April 17, 2016
The annual Long Beach Grand Prix didn’t only transform downtown Long Beach into a racing hotspot for the weekend, but also invited a number of interesting attractions, exhibits and opportunities to those in attendance. From the $11 beers to the parking-lot-turned-go-kart-track, the many attractions and sights at the Grand Prix left something for visitors to do in between races.
Grand Prix Expo
Located inside the Long Beach Convention & Entertainment Center, the Grand Prix expo introduced a number of new and innovative automotive technologies to thousands of attendees. Guests could register and engage in virtual reality simulation racing games or sit down for a half hour to get a new set of acrylic nails. Along with these fun exhibits, guests could learn how to replace their own tires, read up on green energy innovations with Long Beach Transit or just browse and view the many Formula 1 cars displayed throughout the center.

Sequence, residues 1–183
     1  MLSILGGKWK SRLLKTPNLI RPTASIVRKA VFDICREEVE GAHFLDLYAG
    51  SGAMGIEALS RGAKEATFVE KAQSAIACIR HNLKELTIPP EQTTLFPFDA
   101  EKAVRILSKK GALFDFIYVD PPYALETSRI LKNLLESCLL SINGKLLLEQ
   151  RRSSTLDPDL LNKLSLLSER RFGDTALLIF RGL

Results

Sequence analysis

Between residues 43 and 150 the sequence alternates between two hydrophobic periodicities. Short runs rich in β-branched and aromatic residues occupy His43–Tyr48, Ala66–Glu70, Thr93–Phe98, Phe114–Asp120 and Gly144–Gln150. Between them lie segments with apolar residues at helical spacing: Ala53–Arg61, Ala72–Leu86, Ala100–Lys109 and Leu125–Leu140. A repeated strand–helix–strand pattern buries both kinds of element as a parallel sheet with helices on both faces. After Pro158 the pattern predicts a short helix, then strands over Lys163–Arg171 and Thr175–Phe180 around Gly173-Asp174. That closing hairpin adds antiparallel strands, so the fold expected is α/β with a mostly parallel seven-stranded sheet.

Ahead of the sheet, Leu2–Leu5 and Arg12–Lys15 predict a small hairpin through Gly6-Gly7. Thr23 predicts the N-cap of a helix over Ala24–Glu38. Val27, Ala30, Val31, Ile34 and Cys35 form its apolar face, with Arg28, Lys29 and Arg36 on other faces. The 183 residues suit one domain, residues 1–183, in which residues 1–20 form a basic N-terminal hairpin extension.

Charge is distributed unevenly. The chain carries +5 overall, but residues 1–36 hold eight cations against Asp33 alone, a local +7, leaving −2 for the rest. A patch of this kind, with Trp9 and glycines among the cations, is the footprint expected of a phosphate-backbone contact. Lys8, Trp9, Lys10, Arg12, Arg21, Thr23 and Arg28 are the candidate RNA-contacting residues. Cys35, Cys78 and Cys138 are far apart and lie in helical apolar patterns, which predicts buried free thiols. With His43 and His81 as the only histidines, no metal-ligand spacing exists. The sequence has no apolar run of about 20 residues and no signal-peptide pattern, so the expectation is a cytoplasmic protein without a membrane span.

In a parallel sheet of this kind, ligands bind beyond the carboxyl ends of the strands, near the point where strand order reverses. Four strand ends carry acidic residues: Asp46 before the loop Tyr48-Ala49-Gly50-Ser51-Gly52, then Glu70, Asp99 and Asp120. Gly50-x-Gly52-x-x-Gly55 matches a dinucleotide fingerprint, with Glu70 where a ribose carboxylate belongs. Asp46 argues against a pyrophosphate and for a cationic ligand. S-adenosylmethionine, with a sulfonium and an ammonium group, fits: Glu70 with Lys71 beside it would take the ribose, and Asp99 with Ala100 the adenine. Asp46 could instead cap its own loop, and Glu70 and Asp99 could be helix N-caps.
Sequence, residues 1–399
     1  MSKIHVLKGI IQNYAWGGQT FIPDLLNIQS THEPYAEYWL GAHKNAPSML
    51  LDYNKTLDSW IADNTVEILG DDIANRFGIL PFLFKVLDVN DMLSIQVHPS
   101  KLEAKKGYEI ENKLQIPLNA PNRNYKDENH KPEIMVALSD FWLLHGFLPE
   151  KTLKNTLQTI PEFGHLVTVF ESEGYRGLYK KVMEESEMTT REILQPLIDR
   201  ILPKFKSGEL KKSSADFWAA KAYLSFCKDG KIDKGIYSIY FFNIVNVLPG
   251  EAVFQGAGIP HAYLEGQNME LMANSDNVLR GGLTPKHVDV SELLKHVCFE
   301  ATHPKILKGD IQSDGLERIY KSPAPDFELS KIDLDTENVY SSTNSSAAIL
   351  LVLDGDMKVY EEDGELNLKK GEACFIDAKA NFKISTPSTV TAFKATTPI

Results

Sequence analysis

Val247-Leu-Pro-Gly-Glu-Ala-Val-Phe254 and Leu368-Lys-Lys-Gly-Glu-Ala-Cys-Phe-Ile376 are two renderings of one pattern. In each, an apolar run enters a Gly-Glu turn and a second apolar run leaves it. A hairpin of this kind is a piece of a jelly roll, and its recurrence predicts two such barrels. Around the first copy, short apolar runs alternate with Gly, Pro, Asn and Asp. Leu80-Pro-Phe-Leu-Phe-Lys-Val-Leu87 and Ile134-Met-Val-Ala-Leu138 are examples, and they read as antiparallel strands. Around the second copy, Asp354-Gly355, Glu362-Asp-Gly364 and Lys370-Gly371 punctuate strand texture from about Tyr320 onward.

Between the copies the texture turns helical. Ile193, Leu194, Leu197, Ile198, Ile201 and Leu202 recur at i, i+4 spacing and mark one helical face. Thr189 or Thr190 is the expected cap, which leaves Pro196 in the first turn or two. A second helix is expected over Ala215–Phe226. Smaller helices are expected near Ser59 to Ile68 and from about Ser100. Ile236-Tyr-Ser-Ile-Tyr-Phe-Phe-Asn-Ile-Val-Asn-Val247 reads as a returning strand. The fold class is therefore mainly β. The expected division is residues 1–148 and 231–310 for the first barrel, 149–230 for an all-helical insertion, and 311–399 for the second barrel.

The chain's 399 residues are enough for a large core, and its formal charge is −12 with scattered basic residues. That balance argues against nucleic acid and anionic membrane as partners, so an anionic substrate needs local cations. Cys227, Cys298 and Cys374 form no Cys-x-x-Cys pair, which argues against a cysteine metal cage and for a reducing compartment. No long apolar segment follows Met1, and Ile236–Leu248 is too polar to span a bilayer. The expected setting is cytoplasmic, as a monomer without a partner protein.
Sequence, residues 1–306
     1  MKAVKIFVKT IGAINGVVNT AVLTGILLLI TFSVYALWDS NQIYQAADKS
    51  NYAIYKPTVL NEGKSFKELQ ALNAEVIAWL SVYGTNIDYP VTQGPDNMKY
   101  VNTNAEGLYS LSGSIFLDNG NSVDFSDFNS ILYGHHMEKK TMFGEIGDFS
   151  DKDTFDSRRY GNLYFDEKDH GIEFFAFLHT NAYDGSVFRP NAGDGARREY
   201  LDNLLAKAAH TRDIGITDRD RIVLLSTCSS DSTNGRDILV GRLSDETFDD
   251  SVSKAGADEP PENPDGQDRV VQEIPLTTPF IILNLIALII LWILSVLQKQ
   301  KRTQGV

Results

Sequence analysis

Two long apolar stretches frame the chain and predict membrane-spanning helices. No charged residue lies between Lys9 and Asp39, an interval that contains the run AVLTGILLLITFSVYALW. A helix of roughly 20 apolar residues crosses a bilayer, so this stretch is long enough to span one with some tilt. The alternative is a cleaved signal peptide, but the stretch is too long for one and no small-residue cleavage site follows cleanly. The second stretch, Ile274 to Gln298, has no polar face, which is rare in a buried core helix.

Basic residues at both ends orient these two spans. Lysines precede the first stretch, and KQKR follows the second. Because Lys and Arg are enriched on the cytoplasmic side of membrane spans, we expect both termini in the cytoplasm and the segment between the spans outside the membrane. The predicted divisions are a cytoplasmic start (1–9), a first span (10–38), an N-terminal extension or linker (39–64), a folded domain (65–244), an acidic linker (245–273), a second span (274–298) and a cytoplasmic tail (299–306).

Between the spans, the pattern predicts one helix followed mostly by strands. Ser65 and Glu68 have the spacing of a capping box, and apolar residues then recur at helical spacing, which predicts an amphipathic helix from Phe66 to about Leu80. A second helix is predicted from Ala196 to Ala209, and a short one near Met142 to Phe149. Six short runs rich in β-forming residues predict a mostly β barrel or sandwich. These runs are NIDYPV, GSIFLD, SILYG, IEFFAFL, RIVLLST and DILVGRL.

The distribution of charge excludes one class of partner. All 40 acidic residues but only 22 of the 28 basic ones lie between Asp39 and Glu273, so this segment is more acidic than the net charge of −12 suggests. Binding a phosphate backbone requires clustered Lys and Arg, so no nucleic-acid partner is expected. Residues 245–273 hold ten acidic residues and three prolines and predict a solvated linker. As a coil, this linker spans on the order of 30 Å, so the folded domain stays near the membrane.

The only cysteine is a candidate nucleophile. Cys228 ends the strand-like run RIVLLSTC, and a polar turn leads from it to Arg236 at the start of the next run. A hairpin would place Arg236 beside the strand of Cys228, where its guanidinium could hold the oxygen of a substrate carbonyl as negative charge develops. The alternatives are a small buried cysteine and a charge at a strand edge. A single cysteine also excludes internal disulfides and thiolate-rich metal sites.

Greasy food, like you wouldn’t believe
Many of the food vendors at the Grand Prix were familiar to me based off of county fair experiences. Gluttonous, artery-clogging hocks of meat kabobs grilled over an open flame; decadent fried desserts that dentists cringe at. Unhealthy food is, arguably, one of the key component to any large outside event.
Aside from the vendors, a variety of businesses such as California Pizza Kitchen and King Taco sold their (very pricey) foods to attendees, the latter having two locations throughout the Grand Prix.